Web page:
• By the time of "Another Fine Navy Day," Sophie's attraction to the married Sam Kendall is not longer ambiguous, at least to the audience, after she views security footage of Sam, under the influence of a drug making him hallucinate images of his wife, making out with her.
  • Weapon of Mass Destruction: The missiles on the sub are UGM-133 Trident-II SLBMs. They can be armed with four W88 warheads with a yield of 475 kilotons each. For comparison, the nuclear weapon that destroyed Hiroshima was only 15 kilotons. Also of note is the fact that these weapons have a range of 7,000 miles and can be targeted within 300 feet. When asking for confirmation of the fire order Chaplin states that it will result in the deaths of 4.3 million people.
  • What Happened to the Mouse?: Two Russian Spetznaz soldiers are captured by Kendal's team and imprisoned in the island's tiny jail cell...and have not been seen since.
  • What the Hell, Hero?: Invoked often, primarily by crew members uncertain about Chaplin's motives, and also by the XO after Chaplin orders the execution of one of Serrat's men after he was identified as rigging a female crewmember into a human bomb.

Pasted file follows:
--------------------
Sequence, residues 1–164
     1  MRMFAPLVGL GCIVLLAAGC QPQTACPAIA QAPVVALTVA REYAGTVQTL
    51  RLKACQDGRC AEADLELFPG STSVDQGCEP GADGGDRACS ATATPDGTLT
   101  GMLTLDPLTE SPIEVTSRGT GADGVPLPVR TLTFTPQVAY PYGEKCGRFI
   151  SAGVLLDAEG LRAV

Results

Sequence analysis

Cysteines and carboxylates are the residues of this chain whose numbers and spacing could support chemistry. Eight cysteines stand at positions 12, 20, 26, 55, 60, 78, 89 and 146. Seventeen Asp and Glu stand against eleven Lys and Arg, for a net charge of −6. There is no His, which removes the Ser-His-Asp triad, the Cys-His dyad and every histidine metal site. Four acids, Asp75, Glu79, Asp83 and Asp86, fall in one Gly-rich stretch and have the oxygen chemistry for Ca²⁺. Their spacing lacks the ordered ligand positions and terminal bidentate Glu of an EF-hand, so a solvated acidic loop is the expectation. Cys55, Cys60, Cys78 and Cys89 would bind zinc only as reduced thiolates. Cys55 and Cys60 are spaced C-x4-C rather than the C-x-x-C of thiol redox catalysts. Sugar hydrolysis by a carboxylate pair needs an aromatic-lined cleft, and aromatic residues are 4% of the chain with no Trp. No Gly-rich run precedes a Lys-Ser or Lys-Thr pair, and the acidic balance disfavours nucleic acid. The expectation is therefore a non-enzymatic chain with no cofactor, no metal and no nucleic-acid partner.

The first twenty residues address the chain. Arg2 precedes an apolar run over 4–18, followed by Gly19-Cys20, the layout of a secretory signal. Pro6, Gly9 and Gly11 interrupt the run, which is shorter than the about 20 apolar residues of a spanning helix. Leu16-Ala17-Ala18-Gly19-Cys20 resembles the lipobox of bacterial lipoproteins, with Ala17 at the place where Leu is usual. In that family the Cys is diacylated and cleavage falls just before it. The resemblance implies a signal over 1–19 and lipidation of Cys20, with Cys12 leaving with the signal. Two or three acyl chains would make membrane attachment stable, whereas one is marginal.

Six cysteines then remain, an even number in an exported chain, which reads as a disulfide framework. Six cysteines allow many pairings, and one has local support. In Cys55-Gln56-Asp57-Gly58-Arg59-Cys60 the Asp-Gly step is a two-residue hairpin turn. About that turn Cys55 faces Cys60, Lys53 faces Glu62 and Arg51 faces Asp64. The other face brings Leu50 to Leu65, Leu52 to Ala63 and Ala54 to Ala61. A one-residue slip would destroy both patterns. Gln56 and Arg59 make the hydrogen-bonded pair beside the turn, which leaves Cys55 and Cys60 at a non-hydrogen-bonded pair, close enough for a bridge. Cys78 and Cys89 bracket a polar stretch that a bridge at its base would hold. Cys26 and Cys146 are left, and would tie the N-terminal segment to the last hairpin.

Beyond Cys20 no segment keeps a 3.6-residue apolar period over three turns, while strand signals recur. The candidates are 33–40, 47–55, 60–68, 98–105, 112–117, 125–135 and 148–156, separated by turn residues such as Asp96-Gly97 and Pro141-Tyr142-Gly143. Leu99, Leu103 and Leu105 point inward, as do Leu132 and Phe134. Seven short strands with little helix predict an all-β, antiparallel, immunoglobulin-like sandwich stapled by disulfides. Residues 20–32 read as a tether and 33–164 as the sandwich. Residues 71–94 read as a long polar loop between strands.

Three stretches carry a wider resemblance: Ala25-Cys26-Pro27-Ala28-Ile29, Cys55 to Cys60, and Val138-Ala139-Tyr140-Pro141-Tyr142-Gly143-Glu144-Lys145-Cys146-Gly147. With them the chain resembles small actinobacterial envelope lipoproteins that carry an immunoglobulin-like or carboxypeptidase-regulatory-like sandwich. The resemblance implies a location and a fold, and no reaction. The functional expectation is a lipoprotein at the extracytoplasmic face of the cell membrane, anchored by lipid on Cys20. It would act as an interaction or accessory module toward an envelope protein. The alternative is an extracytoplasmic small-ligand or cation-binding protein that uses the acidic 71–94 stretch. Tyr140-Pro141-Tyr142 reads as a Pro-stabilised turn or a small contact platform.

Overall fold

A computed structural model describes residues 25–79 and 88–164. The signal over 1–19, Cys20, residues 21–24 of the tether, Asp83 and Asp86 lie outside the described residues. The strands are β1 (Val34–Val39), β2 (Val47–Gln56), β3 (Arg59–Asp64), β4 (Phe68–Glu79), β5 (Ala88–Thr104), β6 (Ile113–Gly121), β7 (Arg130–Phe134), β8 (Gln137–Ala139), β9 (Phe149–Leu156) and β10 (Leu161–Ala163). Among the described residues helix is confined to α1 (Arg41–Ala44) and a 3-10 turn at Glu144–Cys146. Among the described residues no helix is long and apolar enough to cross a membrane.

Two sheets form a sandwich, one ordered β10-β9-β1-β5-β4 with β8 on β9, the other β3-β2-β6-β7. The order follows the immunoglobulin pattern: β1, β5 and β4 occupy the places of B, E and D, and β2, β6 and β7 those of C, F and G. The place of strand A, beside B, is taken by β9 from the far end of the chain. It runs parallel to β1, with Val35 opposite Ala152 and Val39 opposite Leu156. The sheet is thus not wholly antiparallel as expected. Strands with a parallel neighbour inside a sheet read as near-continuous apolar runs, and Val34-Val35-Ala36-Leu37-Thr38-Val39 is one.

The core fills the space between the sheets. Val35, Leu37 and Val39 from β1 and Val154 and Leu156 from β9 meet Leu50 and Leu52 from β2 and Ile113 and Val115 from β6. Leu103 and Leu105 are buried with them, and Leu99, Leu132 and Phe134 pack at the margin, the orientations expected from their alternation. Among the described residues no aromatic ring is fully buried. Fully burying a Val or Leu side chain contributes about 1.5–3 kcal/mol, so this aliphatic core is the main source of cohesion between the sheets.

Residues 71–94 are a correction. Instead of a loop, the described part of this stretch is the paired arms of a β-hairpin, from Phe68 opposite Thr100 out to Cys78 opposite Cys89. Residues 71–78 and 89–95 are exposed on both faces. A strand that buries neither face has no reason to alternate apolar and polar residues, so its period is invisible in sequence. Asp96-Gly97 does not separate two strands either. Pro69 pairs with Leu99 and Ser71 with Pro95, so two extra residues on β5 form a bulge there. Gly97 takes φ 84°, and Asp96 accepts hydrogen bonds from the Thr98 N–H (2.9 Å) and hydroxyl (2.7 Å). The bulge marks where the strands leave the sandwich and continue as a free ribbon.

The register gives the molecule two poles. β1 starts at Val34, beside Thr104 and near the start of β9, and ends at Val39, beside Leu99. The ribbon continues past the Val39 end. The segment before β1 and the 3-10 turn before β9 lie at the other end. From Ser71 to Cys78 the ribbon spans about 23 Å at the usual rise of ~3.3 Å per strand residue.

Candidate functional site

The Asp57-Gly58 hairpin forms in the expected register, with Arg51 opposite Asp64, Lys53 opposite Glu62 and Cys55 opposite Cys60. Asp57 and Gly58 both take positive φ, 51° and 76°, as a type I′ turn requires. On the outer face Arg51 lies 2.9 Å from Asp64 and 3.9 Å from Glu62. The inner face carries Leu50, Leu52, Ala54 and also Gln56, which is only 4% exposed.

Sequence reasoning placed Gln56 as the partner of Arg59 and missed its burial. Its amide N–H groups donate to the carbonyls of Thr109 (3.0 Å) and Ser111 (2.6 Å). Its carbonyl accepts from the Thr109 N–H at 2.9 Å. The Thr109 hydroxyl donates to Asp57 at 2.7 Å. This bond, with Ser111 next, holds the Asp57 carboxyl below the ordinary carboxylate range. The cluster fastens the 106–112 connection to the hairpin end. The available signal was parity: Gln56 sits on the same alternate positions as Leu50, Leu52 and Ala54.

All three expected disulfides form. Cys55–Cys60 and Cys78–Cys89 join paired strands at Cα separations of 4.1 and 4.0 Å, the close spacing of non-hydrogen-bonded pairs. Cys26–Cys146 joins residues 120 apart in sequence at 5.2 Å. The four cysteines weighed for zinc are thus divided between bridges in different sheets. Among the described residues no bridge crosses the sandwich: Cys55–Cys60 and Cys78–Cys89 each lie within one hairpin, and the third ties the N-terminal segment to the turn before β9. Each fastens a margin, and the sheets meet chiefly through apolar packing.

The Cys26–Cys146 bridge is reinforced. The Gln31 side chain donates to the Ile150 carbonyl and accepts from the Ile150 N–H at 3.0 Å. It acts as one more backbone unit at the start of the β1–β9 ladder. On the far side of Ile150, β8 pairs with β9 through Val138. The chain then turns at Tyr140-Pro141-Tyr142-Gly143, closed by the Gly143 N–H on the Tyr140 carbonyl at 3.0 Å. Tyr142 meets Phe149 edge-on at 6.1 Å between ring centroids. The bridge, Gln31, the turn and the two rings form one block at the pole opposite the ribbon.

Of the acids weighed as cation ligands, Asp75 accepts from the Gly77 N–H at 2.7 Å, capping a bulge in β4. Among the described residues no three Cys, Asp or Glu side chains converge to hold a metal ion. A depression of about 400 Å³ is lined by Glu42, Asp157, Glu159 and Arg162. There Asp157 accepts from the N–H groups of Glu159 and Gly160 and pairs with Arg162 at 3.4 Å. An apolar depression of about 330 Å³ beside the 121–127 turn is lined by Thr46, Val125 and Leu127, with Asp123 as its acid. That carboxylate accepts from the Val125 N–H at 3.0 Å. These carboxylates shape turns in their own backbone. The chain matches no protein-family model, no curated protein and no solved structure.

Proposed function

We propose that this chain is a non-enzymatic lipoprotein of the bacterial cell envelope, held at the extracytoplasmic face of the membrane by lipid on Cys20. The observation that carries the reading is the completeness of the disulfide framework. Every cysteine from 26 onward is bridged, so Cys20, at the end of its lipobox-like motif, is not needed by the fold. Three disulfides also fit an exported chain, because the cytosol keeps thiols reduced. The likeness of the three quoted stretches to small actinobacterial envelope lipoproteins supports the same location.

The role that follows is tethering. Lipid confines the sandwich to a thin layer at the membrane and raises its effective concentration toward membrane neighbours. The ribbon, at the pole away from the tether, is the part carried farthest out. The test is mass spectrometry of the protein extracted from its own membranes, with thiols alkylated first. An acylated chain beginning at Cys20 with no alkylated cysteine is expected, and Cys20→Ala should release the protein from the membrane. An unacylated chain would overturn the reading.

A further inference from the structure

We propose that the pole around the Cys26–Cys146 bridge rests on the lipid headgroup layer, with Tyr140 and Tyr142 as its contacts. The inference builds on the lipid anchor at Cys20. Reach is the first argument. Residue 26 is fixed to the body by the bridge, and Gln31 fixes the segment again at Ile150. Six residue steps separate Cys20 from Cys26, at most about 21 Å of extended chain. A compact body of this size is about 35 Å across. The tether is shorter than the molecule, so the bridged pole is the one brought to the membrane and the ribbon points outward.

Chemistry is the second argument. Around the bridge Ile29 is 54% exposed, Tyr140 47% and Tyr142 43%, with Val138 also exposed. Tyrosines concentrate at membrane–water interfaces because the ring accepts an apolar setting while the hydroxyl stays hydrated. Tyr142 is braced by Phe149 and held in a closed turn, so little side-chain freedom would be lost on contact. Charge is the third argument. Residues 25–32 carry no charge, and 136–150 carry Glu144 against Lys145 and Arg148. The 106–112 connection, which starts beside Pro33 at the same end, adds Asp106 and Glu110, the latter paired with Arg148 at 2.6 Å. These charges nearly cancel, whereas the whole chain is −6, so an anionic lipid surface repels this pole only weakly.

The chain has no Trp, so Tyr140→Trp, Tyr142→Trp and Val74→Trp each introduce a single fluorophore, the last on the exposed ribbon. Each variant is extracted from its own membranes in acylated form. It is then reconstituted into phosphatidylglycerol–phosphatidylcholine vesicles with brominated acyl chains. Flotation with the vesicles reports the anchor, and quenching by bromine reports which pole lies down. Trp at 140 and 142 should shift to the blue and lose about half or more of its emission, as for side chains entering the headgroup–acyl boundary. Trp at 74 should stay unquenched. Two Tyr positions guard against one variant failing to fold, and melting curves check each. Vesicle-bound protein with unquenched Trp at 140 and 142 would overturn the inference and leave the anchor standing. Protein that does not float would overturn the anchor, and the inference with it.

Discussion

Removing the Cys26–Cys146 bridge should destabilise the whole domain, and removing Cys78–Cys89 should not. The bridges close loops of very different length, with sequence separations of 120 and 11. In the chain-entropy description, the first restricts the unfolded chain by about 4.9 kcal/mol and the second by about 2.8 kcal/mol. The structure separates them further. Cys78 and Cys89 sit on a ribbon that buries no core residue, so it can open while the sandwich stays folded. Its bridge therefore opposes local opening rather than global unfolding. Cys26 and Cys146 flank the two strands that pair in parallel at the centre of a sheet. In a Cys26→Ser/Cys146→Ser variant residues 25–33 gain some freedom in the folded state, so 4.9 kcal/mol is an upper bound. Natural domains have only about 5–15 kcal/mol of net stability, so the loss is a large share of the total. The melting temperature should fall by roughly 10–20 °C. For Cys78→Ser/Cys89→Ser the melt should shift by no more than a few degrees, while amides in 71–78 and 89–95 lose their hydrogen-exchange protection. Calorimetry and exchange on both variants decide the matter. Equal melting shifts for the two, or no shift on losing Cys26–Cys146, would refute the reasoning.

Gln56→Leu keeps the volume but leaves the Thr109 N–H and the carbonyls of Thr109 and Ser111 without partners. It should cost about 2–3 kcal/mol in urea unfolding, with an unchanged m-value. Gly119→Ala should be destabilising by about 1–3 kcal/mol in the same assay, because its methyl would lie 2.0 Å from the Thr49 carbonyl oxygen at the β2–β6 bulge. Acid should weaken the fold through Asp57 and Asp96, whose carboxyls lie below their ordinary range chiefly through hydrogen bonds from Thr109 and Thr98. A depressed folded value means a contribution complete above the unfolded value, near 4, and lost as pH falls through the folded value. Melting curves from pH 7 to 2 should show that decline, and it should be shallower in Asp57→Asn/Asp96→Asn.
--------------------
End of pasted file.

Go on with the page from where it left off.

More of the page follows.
• In a way by the Speaker of the House to Admiral Shepard after the Air Force general decides to go and leave the coup plot, telling him that he needed to get their act together.
  • Wrong Genre Savvy: Kendell figures that a group of US Delta Force soldiers will Take a Third Option rather than fire on US Navy sailors so he he tries to talk them out of a firefight. He does not realize that he is actually facing Russian Spetznaz soldiers and they are merely stalling for time while they try to flank the Americans.
  • You Do Not Want To Know: A comedic example. In Skeleton Crew Shepard is forced to leave King behind on an underwater buoy. When she gets back, after he's run out of air, he reveals that he is still alive by tapping the buoy with Morse Code. He also apparently includes a vulgar message to her, and Pitts merely says that she doesn't want to know what it means.